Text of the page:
Cheap Flights to Thailand

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Home Asia Cheap flights to Thailand

Flights to Thailand in 2021

Popular inDecemberHigh demand for flights, 22% potential price rise
Cheapest inMarchBest time to find cheap flights, 5% potential price drop
Average priceS$ 154Average for round-trip flights in March 2021
Round-trip fromS$ 150From Singapore to Bangkok
One-way fromS$ 123One-way flight from Singapore to Bangkok

When is the best time to book a flight to Thailand?

Booking 41 days in advance of your planned departure date is, on average, the best time to get cheap flights to Thailand. The general trend is that the closer you book to the departure date, the more expensive your flight will be.

Which day is cheapest to fly to Thailand?

The cheapest flights to Thailand are usually found when departing on a Monday. The departure day with the highest cost at present is Friday.

What time of day is cheapest to fly to Thailand?

Thailand flights can be made cheaper if you choose a flight in the evening. Booking a flight at midday will likely mean higher prices.

From the hill tribes of the North, to the full moon parties on the Southern islands, there are a myriad of reasons to lure travellers to the beautiful country of Thailand. Always popular with British tourists, every year travellers flock from Thailand flights at Bangkok’s airport eager to laze on the beaches and discover the infamous nightlife.

The beaches are as stunning as promised: predominantly white sand, an abundance of palm trees, coral reefs, fish and sparklingly clear turquoise waters. There are villages, resorts and accommodation to suit every type of traveller, be it with a laid-back backpacker-vibe and plenty of cheap diving to high-end, pristine spa resorts set on private coves.  The towns are similarly diverse.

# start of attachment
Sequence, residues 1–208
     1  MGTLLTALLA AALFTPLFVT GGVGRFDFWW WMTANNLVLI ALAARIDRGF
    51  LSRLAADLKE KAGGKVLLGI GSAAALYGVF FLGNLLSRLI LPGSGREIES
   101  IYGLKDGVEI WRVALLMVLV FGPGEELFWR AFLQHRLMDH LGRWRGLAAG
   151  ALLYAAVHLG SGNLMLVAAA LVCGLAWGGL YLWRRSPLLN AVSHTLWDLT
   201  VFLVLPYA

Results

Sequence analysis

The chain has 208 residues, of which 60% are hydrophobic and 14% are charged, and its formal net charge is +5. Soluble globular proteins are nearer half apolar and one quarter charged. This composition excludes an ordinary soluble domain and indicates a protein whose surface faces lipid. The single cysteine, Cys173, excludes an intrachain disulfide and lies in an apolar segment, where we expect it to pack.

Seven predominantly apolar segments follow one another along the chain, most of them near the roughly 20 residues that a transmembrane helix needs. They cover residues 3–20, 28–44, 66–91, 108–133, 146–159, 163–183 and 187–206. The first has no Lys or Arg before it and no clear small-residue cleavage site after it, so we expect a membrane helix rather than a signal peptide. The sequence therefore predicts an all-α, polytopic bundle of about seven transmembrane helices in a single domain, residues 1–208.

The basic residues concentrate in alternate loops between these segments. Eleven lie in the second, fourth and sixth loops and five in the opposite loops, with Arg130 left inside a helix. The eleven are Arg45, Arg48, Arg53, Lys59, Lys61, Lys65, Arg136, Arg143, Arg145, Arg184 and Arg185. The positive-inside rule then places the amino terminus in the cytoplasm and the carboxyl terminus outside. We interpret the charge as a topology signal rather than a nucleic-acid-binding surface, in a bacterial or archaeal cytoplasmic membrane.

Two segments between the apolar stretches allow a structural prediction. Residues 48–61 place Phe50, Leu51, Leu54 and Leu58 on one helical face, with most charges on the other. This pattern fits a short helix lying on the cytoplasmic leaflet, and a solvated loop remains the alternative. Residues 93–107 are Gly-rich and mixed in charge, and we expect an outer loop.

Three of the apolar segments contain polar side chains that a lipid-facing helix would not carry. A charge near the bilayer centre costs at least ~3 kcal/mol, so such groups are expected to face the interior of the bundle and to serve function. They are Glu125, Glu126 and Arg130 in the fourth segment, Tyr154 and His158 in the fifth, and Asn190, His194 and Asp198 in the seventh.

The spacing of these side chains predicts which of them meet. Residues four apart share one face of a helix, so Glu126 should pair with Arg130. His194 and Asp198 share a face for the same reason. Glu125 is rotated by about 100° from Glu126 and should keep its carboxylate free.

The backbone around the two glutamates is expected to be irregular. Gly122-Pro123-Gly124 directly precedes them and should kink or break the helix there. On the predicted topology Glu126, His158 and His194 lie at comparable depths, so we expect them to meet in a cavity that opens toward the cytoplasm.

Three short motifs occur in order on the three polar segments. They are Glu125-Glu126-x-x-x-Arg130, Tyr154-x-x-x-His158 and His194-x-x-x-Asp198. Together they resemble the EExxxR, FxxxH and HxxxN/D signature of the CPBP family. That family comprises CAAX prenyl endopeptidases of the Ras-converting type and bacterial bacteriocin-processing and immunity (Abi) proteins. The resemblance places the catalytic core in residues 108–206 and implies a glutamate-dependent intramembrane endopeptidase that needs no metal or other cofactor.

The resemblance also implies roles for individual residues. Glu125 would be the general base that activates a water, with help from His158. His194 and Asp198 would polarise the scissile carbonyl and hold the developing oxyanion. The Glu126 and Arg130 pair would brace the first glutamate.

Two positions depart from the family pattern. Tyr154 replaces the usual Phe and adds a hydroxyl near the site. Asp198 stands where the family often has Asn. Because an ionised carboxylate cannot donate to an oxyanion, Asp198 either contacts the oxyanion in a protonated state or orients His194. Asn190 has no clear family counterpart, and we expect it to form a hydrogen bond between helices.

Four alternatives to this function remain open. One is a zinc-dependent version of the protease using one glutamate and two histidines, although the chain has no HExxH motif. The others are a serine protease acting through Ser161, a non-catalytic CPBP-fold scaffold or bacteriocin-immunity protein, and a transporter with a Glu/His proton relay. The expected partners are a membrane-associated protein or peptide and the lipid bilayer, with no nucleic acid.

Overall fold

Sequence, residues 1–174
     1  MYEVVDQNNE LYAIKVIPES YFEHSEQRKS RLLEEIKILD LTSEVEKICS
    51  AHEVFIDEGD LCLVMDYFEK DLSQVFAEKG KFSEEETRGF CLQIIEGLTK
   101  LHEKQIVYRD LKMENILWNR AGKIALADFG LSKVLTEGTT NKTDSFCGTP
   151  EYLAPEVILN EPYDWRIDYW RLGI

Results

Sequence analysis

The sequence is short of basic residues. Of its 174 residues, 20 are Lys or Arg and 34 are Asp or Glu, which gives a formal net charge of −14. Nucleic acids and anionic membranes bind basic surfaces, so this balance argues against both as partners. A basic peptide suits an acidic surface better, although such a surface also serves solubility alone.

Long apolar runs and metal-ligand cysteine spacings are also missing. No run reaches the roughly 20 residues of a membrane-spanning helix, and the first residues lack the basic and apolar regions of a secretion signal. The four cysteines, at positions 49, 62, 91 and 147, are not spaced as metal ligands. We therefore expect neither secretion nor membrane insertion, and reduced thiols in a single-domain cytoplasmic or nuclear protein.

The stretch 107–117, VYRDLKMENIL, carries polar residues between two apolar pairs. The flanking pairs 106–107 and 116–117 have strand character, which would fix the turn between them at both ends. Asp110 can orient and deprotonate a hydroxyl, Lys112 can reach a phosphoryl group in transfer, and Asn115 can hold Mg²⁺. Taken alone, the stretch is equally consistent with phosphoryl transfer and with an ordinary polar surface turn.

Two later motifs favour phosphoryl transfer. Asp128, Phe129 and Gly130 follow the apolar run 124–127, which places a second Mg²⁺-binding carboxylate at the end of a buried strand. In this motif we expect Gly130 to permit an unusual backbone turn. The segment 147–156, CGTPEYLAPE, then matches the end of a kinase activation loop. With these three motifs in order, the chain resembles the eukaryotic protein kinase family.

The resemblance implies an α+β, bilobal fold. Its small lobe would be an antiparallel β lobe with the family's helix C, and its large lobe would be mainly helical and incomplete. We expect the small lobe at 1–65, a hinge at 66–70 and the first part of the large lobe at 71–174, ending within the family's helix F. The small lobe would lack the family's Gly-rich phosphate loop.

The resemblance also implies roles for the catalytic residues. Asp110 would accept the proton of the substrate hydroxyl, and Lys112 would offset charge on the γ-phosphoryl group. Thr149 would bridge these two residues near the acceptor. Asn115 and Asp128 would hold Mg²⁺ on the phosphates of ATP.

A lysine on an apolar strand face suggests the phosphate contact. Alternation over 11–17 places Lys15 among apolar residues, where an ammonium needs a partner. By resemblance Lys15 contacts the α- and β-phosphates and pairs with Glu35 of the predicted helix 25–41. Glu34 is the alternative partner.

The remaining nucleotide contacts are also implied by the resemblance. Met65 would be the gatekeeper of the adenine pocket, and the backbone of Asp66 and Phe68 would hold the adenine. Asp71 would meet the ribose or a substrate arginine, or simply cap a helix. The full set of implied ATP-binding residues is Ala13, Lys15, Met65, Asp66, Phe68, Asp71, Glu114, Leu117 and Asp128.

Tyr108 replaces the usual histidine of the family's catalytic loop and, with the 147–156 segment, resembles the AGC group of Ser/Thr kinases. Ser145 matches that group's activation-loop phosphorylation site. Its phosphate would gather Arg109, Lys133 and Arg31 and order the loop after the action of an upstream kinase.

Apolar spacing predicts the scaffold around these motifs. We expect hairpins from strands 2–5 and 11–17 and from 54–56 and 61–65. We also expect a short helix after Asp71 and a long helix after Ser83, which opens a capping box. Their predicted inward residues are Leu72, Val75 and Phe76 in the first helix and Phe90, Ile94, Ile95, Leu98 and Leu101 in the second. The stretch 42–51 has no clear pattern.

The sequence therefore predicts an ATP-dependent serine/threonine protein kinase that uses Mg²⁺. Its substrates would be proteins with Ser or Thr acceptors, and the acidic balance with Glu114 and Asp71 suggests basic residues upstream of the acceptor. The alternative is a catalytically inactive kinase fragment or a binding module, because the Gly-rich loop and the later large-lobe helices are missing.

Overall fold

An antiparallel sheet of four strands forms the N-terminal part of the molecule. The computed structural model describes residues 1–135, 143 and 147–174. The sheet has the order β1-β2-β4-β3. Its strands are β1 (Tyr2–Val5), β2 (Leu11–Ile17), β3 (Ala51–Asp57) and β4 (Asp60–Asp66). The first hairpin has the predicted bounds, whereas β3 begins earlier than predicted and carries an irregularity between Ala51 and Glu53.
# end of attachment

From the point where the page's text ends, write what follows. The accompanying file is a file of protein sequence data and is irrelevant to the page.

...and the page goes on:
All flights to Thailand arrive in Bangkok and most travellers spend at least a few days in this bustling metropolis. Along with the notorious red light district, other famous attractions include a number of beautiful Wats (temples), the amazing street markets, where everything under the sun can be purchased at reduced prices, trips by boat along the Chao Praya River and gigantic city parks, such as Lumpini. 

Chiang Mai epitomises the appeal of Northern Thailand. Set among lush rainforest and mountains, the city dates from the 13th century. Shopping and sightseeing are popular activities (there are more than 300 churches) but the town is also the perfect base from which to explore the mountainous Northern region.

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Thailand climate

The climate differs between the north and the south of the country. In northern and central Thailand, it’s hot between March to May, rainy between June and October and cool between November and February. In the south it rains intermittently year round with temperatures around 27 degrees. It rains every day in the rainy season. The monsoon season lasts from July to November.

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When is the best time to fly to Thailand?

Peak season:

Northern Thailand’s peak tourist season is the cool season (November–February). The south’s peak season is typically March to May.

Bangkok’s peak season is November to March; prices can be twice as high as in the off season, and hotels are often fully booked.

International visitors come to Chiang Mai December through May, and Thais vacation here March through May.

November to April is Phuket’s peak season, and January to April is the best weather on Ko Samui. The island is particularly busy around Christmas and has another surge of visitors in July and August.

Off season:

The rainy and monsoon seasons are the off seasons. If you don’t mind the humid and wet weather there are deals on cheap flights to Thailand to be found.

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Getting around Thailand

Thailand’s trains are comfortable, frequent, and on time; although a bit slow, it’s a great way to see the country. Thailand’s buses are very fast (don’t watch the road…), well serviced, and air conditioned. If you’re pressed for time, catch a flight. Thailand has several regional airports, and convenient domestic flights are easy to find.

Transport in a city or resort is typically a taxi, tuk-tuk, rickshaw, pickup, or hired car and driver. Taxis are usually metered in a city; make sure the meter is turned on. Always negotiate the fare for a tuk-tuk or rickshaw before you set out.

Bangkok’s public transport can get you around town. Chiang Mai doesn’t have buses or taxis, but has lots of covered pickups (songtaos) and tuk-tuks. You can hail a songtao and their fares are reasonable. Many travellers rent motorcycles and bikes in Chiang Mai, but make sure to drive defensively.

Avoid driving in Thailand, both cars and motobikes. Thais drive on the left side of the road, usually at breakneck speeds even around blind corners, and aren’t fussy about driving laws.

 

 

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Popular regions to fly to in Thailand

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